Being patient and ready stands Kieran Marmion in good stead

Connacht back likely to be given run out against Fiji and gain his 18th cap for Ireland

Ireland back  Kieran Marmion during Ireland’s victory over South Africa last weekend. Photograph: Morgan Treacy/Inpho

Ireland back Kieran Marmion during Ireland’s victory over South Africa last weekend. Photograph: Morgan Treacy/Inpho

 

It has been an aspect of all the players in Joe Schmidt’s rugby life that they rarely question their ability when demands are put on them for an international performance.

Schmidt’s deliberation in teaching each person the responsibilities of the position is like wrapping them in a comfort blanket. Come examination time they are usually well prepared.

Kieran Marmion never doubts himself when he steps up for Conor Murray as he did when the Munster scrumhalf carried a shoulder nerve injury, sustained playing with the Lions during the summer, into this season.

Now with 17 Irish caps and three years in the system, Marmion can expect a run out against Fiji on Saturday as Schmidt introduces those players who did not figure prominently against South Africa.

“I think as a player you’ve got to back yourself,” says Marmion. “I think if you don’t back yourself then nobody probably will.

“Your performance, you get that from training, the confidence, and as soon as that happens you’ve got to get out on the pitch and make sure you earn it.”

Joey Carbery has spoken about the influence Johnny Sexton has had on him playing the outhalf position. Like Carbery, who Schmidt now wants shaped to play at 10 rather than at fullback, Marmion must show patience as a nine in the current Irish pecking order.

Unnatural position

It is an unnatural position to be in but Marmion sees it as being on a learning curve behind one of the better scrumhalves in world rugby.

“Yeah definitely, I’ve learned a lot off Conor, and off Johnny as well at the same time,” says Marmion.

“They’re both pretty smart rugby players, so it’s actually just taking parts of their game and trying to become as smart as I can as well.

“They’ve got a lot of experiences that I can learn from, watching them, and add them to my own game.”

Marmion was born in Barking, grew up in Brecon in Wales and ended up in Ireland through the Irish Exiles programme and playing with the University of Wales, where he was spotted by Mike Ruddock.

Another player, who was successful at sevens when he was younger, Marmion has never second guessed himself in opting for Ireland instead of Wales.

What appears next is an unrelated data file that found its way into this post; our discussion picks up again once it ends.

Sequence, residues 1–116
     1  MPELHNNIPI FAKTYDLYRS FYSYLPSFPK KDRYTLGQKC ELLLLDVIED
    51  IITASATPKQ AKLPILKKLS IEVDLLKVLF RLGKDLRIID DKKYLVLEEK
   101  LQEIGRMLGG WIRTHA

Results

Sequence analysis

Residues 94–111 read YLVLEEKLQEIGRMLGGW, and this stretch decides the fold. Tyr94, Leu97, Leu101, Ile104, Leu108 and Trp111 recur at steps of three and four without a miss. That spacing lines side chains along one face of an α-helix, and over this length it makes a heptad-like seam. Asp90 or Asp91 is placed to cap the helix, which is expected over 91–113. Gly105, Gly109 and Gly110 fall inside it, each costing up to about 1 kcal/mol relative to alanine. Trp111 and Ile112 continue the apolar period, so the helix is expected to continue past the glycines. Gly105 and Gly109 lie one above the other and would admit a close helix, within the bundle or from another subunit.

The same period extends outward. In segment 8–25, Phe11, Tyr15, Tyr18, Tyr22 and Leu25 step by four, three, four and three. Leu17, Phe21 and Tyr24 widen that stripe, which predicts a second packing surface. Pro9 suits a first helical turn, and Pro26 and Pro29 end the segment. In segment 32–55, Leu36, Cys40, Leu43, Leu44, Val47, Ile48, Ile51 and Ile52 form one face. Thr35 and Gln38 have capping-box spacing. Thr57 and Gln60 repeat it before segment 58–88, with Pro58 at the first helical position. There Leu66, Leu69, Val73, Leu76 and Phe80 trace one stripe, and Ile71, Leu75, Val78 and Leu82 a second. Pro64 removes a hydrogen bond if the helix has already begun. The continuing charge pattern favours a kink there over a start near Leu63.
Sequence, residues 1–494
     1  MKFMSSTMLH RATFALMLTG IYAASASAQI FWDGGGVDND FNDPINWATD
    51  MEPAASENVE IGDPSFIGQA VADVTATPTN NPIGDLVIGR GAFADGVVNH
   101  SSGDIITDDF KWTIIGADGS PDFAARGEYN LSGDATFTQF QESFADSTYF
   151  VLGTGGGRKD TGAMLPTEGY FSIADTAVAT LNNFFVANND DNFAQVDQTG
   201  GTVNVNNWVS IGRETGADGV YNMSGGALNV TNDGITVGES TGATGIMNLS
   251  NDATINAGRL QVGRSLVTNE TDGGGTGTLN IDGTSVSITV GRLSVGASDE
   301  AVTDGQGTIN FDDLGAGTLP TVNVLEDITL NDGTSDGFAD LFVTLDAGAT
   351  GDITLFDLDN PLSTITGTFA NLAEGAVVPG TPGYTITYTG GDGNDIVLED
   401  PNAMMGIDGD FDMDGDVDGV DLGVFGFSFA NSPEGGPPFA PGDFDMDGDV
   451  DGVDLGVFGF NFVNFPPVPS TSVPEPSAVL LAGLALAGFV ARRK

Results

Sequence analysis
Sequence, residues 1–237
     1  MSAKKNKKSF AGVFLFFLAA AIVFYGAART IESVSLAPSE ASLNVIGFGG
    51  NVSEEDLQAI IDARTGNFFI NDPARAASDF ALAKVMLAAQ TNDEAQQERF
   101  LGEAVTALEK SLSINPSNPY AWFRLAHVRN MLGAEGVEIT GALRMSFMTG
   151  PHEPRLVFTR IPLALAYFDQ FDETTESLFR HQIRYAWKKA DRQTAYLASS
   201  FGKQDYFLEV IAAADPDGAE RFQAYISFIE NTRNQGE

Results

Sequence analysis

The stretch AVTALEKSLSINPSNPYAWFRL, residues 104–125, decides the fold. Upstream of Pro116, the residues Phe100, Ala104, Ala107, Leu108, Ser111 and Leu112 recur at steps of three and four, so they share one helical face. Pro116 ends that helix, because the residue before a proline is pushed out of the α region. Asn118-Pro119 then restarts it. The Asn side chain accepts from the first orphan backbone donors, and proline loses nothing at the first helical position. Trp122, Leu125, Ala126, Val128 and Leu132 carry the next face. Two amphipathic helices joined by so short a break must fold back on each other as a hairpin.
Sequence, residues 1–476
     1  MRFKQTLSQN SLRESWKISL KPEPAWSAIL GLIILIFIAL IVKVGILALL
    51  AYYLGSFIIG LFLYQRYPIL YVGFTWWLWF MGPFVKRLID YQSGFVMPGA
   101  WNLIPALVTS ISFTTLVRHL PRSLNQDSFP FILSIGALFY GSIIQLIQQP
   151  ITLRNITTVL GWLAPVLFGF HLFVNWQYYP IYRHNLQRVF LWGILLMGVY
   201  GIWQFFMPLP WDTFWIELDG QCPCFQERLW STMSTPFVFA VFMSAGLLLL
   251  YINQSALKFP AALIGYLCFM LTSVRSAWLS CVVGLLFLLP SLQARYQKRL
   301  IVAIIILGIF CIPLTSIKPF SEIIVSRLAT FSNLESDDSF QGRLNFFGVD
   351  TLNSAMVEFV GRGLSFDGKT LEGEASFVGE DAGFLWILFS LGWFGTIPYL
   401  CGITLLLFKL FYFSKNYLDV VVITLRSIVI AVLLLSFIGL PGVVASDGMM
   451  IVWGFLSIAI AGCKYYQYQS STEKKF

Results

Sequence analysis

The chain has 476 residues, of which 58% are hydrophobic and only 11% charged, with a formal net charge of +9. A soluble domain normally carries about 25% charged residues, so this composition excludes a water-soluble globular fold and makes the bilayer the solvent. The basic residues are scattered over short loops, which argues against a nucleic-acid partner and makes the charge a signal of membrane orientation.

“No, I’ve never even thought about that,” he says. “I’ve enjoyed being over here, enjoyed the Connacht lads who are at the club and never really thought about a different path from that.”

The path he has been on has worked. Nippy and quick to breakdowns with a crisp pass, his tempo is one of the strengths he brings to the Connacht and Ireland play.

Different to Murray in that where Murray has physicality and is an excellent box kicker, Marmion holds threat with his speed around the park and his instinct to nick space when it shows.

“Obviously I’ve got a bit more time under my belt, I know the systems a bit better and know what’s expected a bit more. I guess that gives you confidence,” he says.

Perform

“We’re just doing our stuff in training and transferring it to the game. Lads have had starts before and it’s just about making sure we perform when we get the chance.

“As long as you perform, I guess you keep being involved. Those lads did that in the summer [v USA and Japan], then came back to the provinces and started very well, I guess as soon as they do that they’re going to be in the frame for game time.”

John Cooney, who moved from Connacht to Ulster, and Leinster’s Luke McGrath are obviously biting at Marmion’s heals. It’s the ideal competitive environment that Schmidt cultivates, although no comfort to the chasing players.

Schmidt knows the worth of McGrath and a summer tour with Ireland to USA and Japan under Cooney’s belt has also alerted the Irish coach. Fiji is an opportunity to put distance between Marmion and the other two players.

“It’s a different challenge this week,” he says. “They [Fiji] have a lot of individuals who are seriously talented.

“Looking through their profiles, and the athleticism and power, the off-loading that they bring, I think it will be tough to take them down. I guess that’s the challenge in itself, to make sure we’re on top of that and we’re ready.”

That has framed his international career to date, being ready.

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